7. Ilhas do Martinhal

A few hundred meters off the coast of Sagres in the southern Algarve, the Ilhas do Martinhal are a group of barren limestone islets rising out of the ocean. Important breeding ground for seabirds, these islets are also home to an impressive array of marine life.


There are canals full of schooling fish and canyons covered with anemones, gorgonians and crustaceans. Around the islets you will find caves to explore, sunny caves and sheltered coves, all surrounded by clear blue waters with few people in sight.

8. Azores

The Azores need not be touted as one of the world’s premier diving destinations. Located in the middle of the Atlantic Ocean and surrounded by endless blue waters, these famous islands are home to over 3,000 marine species. Diving in the Azores is hard to beat for megafauna and pelagic fans who want an accessible yet remote destination.

The nine volcanic islands that make up the Azores have huge underwater rocks, pinnacles, and seamounts, with large and small marine life. In addition to a diverse macro life, the Azores is home to schools of pelagic fish, mantas, blue sharks galore, mobula rays, sea turtles and whales.

With water visibility of up to 60 meters, diving in the Azores is amazing no matter which island you explore. There are deep dive sites, famous WWII wrecks, and coastal reefs to suit all experience levels.


9. Madeira Island

Known as the “Pearl of the Atlantic”, Madeira is famous for its subtropical climate and fantastic scuba diving. This tiny archipelago packs a punch for ocean lovers, with world-class whale and dolphin watching and an abundance of dive sites.


Jacques Cousteau once said that he found some of the cleanest waters in the world in Madeira and that they are still exceptionally clear. The volcanic landscapes and reefs around the islands are home to a wide variety of fish year round, as well as stingrays, barracudas and leatherback turtles in the summer.

In addition to the perfect reefs, diving in Madeira includes excellent wrecks. Highlights include the wrecks of the Ecological park and Garaju Marine Nature Reserve. When you’re done exploring Madeira’s many highlights, head to Madeira’s sister island, Porto Santo, to see two of the world’s best wrecks.

10. Porto Santo Island, Madeira

Porto Santo is another diving gem in the Portuguese crown, with water visibility of up to 40 meters and two impressive wrecks: the Madeira and the Corveta General Pereira d’Eça.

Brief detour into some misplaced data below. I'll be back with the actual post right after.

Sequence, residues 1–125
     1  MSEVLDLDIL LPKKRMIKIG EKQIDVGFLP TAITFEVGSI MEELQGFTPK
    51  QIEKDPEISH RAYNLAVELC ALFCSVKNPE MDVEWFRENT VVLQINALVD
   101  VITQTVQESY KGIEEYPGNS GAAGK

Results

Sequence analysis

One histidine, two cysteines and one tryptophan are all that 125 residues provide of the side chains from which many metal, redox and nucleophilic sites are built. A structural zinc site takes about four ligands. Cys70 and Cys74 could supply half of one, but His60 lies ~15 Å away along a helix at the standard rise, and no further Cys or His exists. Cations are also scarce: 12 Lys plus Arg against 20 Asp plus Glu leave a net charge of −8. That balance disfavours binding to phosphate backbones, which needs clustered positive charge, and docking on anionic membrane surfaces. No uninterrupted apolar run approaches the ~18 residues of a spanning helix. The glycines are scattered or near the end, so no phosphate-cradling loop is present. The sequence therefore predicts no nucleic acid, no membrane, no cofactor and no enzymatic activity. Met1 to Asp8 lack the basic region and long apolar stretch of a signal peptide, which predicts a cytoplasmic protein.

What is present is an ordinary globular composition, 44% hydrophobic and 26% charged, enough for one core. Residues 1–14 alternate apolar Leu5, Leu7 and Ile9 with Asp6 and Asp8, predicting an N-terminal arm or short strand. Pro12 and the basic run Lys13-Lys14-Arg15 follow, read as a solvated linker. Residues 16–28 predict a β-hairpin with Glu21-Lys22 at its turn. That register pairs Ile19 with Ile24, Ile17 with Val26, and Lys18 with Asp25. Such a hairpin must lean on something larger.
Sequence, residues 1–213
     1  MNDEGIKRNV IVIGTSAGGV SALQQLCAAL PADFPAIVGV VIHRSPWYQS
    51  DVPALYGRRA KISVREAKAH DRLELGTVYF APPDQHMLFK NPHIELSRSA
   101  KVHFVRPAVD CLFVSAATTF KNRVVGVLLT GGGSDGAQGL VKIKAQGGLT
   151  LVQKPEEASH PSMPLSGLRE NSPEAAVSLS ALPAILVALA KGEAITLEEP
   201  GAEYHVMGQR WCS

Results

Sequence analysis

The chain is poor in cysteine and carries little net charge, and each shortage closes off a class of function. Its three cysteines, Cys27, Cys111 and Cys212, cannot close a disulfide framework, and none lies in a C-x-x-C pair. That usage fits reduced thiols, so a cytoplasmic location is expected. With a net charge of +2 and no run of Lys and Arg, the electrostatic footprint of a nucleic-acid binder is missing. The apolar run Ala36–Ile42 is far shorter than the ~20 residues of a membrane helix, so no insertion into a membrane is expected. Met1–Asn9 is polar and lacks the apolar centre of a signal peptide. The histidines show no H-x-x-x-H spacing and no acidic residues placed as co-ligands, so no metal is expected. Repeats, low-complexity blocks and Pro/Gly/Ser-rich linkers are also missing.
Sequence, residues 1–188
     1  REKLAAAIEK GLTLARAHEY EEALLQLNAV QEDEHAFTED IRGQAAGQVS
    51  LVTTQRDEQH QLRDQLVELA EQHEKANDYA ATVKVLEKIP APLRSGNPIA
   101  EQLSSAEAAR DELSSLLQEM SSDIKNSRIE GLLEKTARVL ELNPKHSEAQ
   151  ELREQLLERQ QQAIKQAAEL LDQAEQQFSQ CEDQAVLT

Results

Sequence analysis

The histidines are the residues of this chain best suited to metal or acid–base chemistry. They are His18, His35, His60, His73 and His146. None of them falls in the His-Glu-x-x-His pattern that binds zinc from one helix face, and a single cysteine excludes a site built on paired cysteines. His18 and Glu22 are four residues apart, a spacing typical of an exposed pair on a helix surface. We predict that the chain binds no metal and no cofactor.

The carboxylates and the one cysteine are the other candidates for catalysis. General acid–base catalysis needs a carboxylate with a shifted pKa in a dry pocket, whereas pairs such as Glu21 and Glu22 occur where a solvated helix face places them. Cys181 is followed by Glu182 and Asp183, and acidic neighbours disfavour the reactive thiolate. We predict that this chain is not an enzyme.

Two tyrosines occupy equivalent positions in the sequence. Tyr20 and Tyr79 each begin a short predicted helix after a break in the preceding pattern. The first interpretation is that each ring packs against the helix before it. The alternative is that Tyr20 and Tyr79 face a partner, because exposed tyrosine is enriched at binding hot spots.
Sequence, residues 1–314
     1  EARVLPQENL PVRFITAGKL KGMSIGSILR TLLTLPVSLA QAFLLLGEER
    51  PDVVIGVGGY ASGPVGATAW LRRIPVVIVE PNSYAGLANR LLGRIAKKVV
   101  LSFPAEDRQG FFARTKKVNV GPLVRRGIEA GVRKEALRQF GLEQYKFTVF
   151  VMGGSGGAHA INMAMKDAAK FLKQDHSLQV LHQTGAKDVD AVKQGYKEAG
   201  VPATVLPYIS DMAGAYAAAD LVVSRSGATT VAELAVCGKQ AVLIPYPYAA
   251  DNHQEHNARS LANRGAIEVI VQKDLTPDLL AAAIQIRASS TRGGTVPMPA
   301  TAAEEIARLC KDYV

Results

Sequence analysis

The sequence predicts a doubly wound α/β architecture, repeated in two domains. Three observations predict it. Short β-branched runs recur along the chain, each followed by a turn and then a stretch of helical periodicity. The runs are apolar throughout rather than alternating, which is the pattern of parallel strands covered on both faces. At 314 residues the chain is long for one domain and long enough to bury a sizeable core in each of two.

the Madeira was sunk in 2001 and is 30 meters away, surrounded by marine life including groupers, trevally and amberjack. the Corveta General Pereira d’Eça, a Portuguese Navy warship, was not sunk until 2016, but is already a thriving reef.

In addition to wrecks, Porto Santo has impressive walls and 50-meter-deep reefs for technical divers.

What marine life can you see while diving in Portugal?

The rich and varied waters of Portugal are home to varied marine life. From classic reef life to pelagic schools and marine megafauna, Portugal has it all.

Portugal’s reefs and wrecks are encrusted with life, including colorful corals, sponges and sea fans that are home to a variety of crustaceans. Congers, lobsters, and octopuses are commonly seen on reefs, and there are reef fish of all shapes and sizes.

If you love whales, dolphins, sharks and rays, scuba diving in Portugal is for you. They are found in abundance in the Azores and Madeira. The whale watching season runs from April to October, although you can see whales here year round.


For the best chance of diving with groups of sunfish, visit the Berlengas Islands in summer.

What experience does it take to scuba dive in Portugal?

With so many dive sites to choose from, diving in Portugal is suitable for all levels of experience. It is an ideal destination for family scuba diving vacations, island hopping adventures and city scuba diving getaways.

When is the best time to dive in Portugal?

Dive in Portugal is great all year round, although the main diving season runs from April to October. To enjoy the sun and warm waters all year round, head south to the Algarve or Madeira.

Kathryn Curzon, shark conservationist and dive travel writer for International diving schools (SSI), wrote this article.